Some ICD IPGs employ commercial photoflash capacitors similar to those described by Troup in “Implantable Cardioverters and Defibrillators,” Current Problems in Cardiology, Volume XIV, Number 12, December 1989, Year Book Medical Publishers, Chicago, and as described in U.S. Pat. No. 4,254,775. The electrodes or anode and cathodes are wound into anode and cathode layers separated by separator layers of the spiral. Most commercial photoflash capacitors contain a core of separator paper intended to prevent brittle, highly etched aluminum anode foils from fracturing during winding of the anode, cathode, and separator layers into a coiled configuration. The cylindrical shape and paper core of commercial photoflash capacitors limits the volumetric packaging efficiency and thickness of an ICD IPG housing made using same.
More recently developed ICD IPGs employ one or more flat or “prismatic”, high voltage, electrolytic capacitor to overcome some of the packaging and volume disadvantages associated with cylindrical photoflash capacitors. Flat aluminum electrolytic capacitors for use in ICD IPGs have been disclosed, e.g., those improvements described in “High Energy Density Capacitors for Implantable Defibrillators” presented by P. Lunsmann and D. MacFarlane at CARTS 96: 16th Capacitor and Resistor Technology Symposium, 11-15 Mar. 1996, and at CARTS-EUROPE 96: 10th European Passive Components Symposium., 7-11 Oct. 1996, pp. 35-39. Further features of flat electrolytic capacitors for use in ICD IPGs are disclosed in U.S. Pat. Nos. 4,942,501; 5,086,374; 5,131,388; 5,146,391; 5,153,820; 5,522,851, 5,562,801; 5,628,801; and 5,748,439, all issued to MacFarlane et al.
For example, U.S. Pat. Nos. 5,131,388 and 5,522,851 disclose a flat capacitor having a plurality of stacked capacitor layers each comprising an “electrode stack sub-assembly”. Each capacitor layer contains one or more anode sheet forming an anode layer having an anode tab, a cathode sheet or layer having a cathode tab and a separator for separating the anode layer from the cathode layer.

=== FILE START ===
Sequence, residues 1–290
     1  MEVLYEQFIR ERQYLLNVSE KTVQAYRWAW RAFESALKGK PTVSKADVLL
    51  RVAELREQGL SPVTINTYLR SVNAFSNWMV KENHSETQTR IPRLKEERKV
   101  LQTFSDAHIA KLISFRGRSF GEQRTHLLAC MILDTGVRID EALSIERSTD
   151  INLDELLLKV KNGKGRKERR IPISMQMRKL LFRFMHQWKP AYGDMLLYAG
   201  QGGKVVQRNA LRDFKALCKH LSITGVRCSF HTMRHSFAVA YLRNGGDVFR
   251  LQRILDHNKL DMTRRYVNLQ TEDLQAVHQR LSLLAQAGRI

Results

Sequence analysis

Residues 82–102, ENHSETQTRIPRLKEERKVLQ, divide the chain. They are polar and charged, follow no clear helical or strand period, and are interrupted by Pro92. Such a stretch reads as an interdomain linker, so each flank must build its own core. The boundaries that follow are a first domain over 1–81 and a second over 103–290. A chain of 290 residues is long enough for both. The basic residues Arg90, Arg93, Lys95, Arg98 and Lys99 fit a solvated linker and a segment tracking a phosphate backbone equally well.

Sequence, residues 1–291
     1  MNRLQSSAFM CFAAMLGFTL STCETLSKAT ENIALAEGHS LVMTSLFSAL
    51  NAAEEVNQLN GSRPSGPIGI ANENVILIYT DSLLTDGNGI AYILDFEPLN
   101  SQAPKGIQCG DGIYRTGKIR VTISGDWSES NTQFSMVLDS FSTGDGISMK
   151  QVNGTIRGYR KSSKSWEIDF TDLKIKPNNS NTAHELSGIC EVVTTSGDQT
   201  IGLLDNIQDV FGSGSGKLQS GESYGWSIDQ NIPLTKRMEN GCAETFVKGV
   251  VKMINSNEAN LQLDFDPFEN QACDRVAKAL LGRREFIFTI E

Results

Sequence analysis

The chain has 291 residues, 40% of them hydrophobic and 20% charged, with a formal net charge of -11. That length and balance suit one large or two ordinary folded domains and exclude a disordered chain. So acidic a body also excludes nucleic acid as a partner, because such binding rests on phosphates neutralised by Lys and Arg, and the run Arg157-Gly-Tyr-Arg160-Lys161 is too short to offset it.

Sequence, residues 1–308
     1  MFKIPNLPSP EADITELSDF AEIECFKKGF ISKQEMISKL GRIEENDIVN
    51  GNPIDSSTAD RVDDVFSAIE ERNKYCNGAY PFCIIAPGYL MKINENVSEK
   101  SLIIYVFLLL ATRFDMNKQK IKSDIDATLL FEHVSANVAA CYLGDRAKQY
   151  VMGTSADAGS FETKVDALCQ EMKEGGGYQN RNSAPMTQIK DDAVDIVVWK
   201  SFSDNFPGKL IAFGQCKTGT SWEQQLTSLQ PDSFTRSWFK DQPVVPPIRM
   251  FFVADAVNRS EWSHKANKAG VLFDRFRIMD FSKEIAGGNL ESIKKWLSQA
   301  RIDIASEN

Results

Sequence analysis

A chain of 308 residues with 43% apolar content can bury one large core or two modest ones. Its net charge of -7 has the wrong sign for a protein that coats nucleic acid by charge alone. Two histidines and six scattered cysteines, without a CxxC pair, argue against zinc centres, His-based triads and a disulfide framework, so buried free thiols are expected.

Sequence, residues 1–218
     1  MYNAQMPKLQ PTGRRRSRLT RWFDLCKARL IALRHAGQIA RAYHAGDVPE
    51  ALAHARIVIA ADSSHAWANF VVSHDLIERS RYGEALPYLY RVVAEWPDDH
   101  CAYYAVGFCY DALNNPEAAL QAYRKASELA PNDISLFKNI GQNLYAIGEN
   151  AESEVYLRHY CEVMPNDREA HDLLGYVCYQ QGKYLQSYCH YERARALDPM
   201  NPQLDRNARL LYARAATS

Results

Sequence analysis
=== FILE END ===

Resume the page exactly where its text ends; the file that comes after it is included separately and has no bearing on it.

Electrical performance of such electrolytic capacitors is affected by the surface area of the anode and cathode layers and also by the resistance associated with the electrolytic capacitor itself, called the equivalent series resistance (ESR). The ESR is a “hypothetical” series resistance that represents all energy losses of an electrolytic capacitor regardless of source. The ESR results in a longer charge time (or larger build factor) and lower discharge efficiency. Therefore, it is desirable to reduce the ESR to a minimum.
Typically, ESR is minimized by fabricating the anode layer of each capacitor layer from highly etched valve metal foil, e.g., aluminum foil, that has a microscopically contoured, etched surface with a high concentration of pores extending part way through the anode foil along with tunnels extending all the way through the anode foil (through-etched or tunnel-etched) or only with a high concentration of pores extending part way through the anode foil (nonthrough-etched. In either case, such a through-etched or nonthrough-etched anode sheet cut from such highly etched foil exhibit a total surface area much greater than its nominal (length times width) surface area. A surface area coefficient, the ratio of the microscopic true surface area to the macroscopic nominal area, may be as high as 100:1, which advantageously increases capacitance. Through-etched or tunnel-etched anode sheets exhibit a somewhat lower ratio due to the absence of a web or barrier surface closing the tunnel as in nonthrough-etched anode sheets.